Why a Sump Pump is a Necessity in Your Home

Why a Sump Pump is a Necessity in Your Home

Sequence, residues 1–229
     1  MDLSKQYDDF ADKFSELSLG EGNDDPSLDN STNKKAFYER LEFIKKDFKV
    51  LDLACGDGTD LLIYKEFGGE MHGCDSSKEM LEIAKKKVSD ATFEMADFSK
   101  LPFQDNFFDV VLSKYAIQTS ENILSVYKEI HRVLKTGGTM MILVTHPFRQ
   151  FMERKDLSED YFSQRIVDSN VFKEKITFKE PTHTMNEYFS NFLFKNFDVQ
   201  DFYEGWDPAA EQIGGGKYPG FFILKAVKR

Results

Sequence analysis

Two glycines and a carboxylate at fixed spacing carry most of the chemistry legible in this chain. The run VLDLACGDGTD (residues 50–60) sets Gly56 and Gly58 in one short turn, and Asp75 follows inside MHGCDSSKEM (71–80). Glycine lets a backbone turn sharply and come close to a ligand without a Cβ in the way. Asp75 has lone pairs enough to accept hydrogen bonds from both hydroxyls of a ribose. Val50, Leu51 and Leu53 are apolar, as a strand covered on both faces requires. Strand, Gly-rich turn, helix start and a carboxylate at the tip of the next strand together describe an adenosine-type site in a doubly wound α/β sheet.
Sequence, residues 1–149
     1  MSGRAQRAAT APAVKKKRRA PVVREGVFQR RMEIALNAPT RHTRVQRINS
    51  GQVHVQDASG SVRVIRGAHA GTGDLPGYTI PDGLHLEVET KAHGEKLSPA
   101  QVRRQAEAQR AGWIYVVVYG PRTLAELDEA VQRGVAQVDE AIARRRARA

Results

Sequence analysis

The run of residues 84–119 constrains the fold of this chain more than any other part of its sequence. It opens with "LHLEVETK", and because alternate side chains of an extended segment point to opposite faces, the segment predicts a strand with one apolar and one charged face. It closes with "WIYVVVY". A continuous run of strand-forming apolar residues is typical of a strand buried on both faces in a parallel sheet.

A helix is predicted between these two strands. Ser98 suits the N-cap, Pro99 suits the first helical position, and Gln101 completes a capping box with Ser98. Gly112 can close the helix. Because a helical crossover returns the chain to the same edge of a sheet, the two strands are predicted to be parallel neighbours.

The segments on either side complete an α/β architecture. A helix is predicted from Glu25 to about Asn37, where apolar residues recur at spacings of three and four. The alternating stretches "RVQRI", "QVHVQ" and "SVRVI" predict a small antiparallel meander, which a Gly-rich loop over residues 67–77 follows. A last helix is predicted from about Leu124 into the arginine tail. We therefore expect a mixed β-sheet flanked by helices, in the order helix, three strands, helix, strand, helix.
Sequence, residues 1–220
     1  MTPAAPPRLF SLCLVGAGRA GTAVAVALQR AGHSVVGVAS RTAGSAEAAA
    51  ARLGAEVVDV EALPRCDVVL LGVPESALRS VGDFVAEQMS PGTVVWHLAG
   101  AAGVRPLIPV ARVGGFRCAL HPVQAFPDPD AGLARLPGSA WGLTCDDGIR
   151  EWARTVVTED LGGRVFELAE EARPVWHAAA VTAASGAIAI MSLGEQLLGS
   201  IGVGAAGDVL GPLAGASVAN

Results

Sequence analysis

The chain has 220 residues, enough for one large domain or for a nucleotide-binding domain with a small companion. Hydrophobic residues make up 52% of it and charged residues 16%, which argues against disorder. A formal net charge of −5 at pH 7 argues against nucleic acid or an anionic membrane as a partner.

Contrary to what some people think, the need for sump pumps is not limited to homes in flood zones or extremely rainy climates. Water can saturate the ground and build up under and around the perimeter of your home’s foundation, and from there, can migrate into your basement or crawlspace. This is especially true if you have a high water table. Have you thought about installing one to keep your basement flood free?  What You Risk by Not Having a Sump Pump The accumulation of water can result in any or all of a homeowner’s worst fears, some of which include: Flood. If torrential rains occur, the ground becomes quickly saturated, and with nowhere else to go, the accumulating rain flows into the basement, where it can ruin everything stored in the basement, or it can cause structural damage. Fire. If the rising water reaches basement appliances like the washer, dryer, water heater, furnace or even worse the panel box, it can short them. Short circuits can easily lead to an electrical fire. Mold and Mildew. Even if flooding does not occur, constant dampness provides optimal conditions for mold and mildew. Not only does this result in a musty odor that permeates everything in the basement, but it can also lead to health problems like asthma and skin conditions. Installing a sump pump to remove water minimizes these risks. It also relieves hydrostatic pressure which can cause cracks in the foundation. Sump Pits To effectively rid your home of accumulated water, the sump pump should be installed below floor level. Therefore, step number one is to dig a hole called a sump pit and line it with gravel. Being the lowest point in the basement, the pit will serve as a reservoir for any excess...